I have been using a set of productivity enhancement tools on my Mac for so long now that the standard, out-of-box OS X user experience seems challenging, crawling, cumbersome and somewhat convoluted.
So much so that it has become frustrating for me to use another person’s Mac.
In this post, I intend to outline how the limited set of productivity tools I use give me “ludicrous speed”. Note that I have invested the time to learn these tools and to create the productivity shortcuts they provide. Maybe it will help you with ideas to be more productive too.
Keyboard Maestro is my primary productivity tool. Over the years I have added more and more macros to the point that I forget how to do things without them. It has also replaced other productivity utilities as its functionality has grown. Keyboard Maestro initially started out as a way to run a series of commands using keyboard shortcuts and has grown into a tool that can do these from menus, from application launches, startup, disk mounts, even scheduled. If you can imagine it, it can probably do it.
My Keyboard Maestro macros include:
- Launching new Safari windows from a keyboard shortcut, with additional shortcuts for Rails development, the common web applications I open at work or blog posting. For less common sets, I use the menu feature.
- Shortcuts to speed up blog article creation.
- Markdown tools to enable markdown formatting in other applications.
- Setting fixed width text in Mail messages (for code snippets) with a single keystroke.
- Mounting and un-mounting the network shares at work.
- Kicking off iTerm 2 sessions, either a single new shell or a set of shells remotely logged into our servers and running key applications. I launch complex development environments with a single keystroke.
- Preventing me from
⌘Qin Safari and losing all my windows.
- Generating and sending product release notes.
- Creating tweets and Facebook links for new blog posts.
- Reopening a page in Google Chrome on the rare occasions I need to see Flash content.
For example, to spin up my test environment which involves launching six applications, log viewers, a web server and a calculation engine, all in different terminal windows arranged so I can see what is going on, I could manually create new terminals for each application, type in the command to launch each one, then rearrange the windows. Which takes a lot of time.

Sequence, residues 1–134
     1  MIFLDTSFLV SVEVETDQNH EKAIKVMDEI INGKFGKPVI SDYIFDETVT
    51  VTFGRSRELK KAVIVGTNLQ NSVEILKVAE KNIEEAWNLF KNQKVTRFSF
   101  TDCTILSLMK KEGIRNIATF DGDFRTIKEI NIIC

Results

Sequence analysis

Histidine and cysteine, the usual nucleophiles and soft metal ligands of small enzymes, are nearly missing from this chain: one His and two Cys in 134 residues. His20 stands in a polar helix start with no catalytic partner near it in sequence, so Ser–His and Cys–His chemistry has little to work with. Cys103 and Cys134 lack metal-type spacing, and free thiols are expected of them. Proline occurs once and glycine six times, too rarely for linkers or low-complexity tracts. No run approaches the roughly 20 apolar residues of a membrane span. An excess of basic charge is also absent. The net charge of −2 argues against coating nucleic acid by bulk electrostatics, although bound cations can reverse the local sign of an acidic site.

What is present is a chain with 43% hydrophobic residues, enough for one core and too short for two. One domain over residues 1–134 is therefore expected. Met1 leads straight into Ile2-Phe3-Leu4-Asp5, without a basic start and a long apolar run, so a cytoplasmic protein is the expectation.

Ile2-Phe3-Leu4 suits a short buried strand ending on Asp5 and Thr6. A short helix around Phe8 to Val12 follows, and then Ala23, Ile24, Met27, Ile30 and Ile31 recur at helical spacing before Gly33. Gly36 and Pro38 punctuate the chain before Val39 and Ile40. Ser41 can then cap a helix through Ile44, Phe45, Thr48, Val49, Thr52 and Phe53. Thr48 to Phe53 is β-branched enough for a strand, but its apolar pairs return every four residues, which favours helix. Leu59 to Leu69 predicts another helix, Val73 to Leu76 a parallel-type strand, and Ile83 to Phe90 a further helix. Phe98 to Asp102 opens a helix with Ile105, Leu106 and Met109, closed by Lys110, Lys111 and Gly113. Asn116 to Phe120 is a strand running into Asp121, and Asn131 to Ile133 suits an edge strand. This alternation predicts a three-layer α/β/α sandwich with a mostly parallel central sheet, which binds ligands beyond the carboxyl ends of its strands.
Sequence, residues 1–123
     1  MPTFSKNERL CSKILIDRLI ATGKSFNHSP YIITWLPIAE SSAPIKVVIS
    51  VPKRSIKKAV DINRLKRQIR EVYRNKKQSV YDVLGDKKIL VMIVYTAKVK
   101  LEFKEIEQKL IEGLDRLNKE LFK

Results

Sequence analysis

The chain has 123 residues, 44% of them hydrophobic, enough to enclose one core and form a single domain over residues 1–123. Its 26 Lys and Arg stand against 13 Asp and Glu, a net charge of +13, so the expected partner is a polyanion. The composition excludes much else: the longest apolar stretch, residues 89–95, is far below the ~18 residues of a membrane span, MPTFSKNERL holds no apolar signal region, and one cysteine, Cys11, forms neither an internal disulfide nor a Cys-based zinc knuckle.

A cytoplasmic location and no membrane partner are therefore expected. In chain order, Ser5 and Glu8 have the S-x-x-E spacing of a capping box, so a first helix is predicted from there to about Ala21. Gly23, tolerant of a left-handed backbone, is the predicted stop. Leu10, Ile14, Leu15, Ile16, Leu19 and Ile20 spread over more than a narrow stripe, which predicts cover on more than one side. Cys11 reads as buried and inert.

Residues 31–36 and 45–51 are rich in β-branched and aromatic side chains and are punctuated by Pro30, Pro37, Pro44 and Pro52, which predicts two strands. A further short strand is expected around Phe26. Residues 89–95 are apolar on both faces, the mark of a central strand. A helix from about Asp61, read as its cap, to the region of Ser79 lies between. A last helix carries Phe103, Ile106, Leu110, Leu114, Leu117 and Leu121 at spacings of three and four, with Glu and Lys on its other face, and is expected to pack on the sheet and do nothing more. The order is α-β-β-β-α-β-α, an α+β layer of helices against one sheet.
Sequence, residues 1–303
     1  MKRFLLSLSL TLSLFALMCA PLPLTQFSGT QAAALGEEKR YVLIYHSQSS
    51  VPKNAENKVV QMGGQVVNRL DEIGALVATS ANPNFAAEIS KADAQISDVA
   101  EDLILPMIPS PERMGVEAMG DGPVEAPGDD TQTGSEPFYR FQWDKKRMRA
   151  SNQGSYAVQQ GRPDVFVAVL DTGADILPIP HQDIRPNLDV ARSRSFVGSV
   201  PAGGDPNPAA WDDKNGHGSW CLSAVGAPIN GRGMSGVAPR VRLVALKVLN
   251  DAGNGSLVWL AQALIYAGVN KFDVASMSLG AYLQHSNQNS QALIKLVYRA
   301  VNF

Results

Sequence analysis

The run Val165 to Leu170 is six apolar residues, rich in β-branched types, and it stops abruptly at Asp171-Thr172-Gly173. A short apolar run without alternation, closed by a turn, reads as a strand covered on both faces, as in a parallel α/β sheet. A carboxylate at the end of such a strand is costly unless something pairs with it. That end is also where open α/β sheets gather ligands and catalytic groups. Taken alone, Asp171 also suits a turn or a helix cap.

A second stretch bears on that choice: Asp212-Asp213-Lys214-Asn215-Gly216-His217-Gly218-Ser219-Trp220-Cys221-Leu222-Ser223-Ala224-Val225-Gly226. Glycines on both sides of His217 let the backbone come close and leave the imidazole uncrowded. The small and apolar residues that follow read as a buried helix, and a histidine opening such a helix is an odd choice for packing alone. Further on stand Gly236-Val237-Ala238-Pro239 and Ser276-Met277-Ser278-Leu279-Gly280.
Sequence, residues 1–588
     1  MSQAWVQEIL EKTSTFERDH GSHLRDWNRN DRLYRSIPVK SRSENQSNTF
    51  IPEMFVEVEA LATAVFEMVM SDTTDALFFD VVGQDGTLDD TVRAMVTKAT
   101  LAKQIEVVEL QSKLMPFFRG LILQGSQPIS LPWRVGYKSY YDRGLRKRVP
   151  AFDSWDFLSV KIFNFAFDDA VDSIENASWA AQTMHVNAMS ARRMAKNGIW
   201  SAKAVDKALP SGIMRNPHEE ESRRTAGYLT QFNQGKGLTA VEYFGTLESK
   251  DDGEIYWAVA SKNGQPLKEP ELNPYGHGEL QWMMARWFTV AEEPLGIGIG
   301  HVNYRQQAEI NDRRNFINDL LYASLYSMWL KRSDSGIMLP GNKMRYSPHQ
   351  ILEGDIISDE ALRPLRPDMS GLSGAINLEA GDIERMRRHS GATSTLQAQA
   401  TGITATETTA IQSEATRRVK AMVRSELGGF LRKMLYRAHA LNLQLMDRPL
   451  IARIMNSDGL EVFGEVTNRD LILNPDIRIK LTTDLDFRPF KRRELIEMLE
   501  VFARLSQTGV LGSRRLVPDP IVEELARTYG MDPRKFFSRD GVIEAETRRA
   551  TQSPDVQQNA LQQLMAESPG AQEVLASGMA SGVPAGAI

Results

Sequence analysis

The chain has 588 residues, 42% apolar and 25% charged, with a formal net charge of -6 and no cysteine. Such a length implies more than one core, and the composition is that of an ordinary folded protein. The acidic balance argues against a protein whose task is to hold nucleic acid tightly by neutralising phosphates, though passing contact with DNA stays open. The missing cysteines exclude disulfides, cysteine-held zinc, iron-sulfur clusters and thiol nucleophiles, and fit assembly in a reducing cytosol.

Or press a single key and let Keyboard Maestro do it for me.
My TextExpander quiver includes:
- My source code snippets for headers, code blocks and other common patterns. This allows me to use them across IDEs.
- Expansions in the terminal for:
- Changing to project folders.
- Launching applications.
gitwith fewer keystrokes.
- Build (
- Typing symbols (who ever remembers the keys to press to get these).
- Frequently retyped email content.
- Additional snippets used for blogging in Octopress.
- Common blocks of Markdown text.
For example, to build my current product, I type
;cdcbs (which expands to
cd ~/Projects/Maritime/cb/ChesapeakeBayServer) to change to the product folder, then
;m8i (which expands to
git pull; make clean; make -j 8; make install). So much faster.
It has taken a lot of time to create the macros, perfect them and convert them into habits. But the time invested has paid off incredibly. These two products on their own as configured enable me to spend more time on the keyboard, more time thinking and programming and significantly less time doing manual labor on the computer. And that means I get more done in less time with fewer frustrations and screw-ups.
1Password does one thing well, it manages all my passwords so I only have to remember one. It speeds me up as I use it as a web site launcher and I never lose time mistyping passwords.
⌘\ in 1Password is your friend!
Hazel takes care of housekeeping for me, so I do not have to. It cleans up my desktop and downloads folders, it files my bills and creates OmniFocus payment reminders. The hardest part of using Hazel is to figure out what you want it to do for you, setting that up and forgetting about it is the easy part.
And Mail Act-On gives Apple’s Mail superpowers. We all get too much email, and, unfortunately, we need to hang on to it. I mainly use Mail Act-On for its single key shortcuts to file emails in folders and keep my Inbox clean (but not zero).
There are Others
You may have noticed that the two most popular productivity tools, LaunchBar and Alfred are not mentioned. I used to use them a lot, and both are still installed, just not running. With all my Keyboard Maestro macros running well, I was down to using them as application launchers only. I tried using Spotlight in Yosemite as an Application Launcher, and it worked well enough to stick.
Consider the amount of time you spend performing menial tasks on your computer, launching the same windows, typing in the same commands and text, filing, tidying up, doing the same thing over and over again. Computers are awesome at this, and these productivity tools make it easy to set up and do. The money invested in buying these tools and the time invested in setting them up pays off tremendously. To the point that the OS X experience without them seems slow and cumbersome.
Follow the author as @hiltmon on Twitter.